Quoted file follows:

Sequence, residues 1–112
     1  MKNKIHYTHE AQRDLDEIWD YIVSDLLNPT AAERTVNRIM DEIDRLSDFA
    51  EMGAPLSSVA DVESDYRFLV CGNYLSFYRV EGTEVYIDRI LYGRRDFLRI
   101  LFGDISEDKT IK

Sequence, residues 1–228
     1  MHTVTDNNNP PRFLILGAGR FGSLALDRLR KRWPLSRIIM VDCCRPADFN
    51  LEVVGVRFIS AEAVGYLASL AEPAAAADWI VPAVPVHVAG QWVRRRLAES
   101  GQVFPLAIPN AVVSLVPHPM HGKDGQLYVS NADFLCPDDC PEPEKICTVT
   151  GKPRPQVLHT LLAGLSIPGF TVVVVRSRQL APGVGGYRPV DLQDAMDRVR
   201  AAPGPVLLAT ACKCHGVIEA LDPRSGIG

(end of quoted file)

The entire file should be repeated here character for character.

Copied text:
Sequence, residues 1–112
     1  MKNKIHYTHE AQRDLDEIWD YIVSDLLNPT AAERTVNRIM DEIDRLSDFA
    51  EMGAPLSSVA DVESDYRFLV CGNYLSFYRV EGTEVYIDRI LYGRRDFLRI
   101  LFGDISEDKT IK

Sequence, residues 1–228
     1  MHTVTDNNNP PRFLILGAGR FGSLALDRLR KRWPLSRIIM VDCCRPADFN
    51  LEVVGVRFIS AEAVGYLASL AEPAAAADWI VPAVPVHVAG QWVRRRLAES
   101  GQVFPLAIPN AVVSLVPHPM HGKDGQLYVS NADFLCPDDC PEPEKICTVT
   151  GKPRPQVLHT LLAGLSIPGF TVVVVRSRQL APGVGGYRPV DLQDAMDRVR
   201  AAPGPVLLAT ACKCHGVIEA LDPRSGIG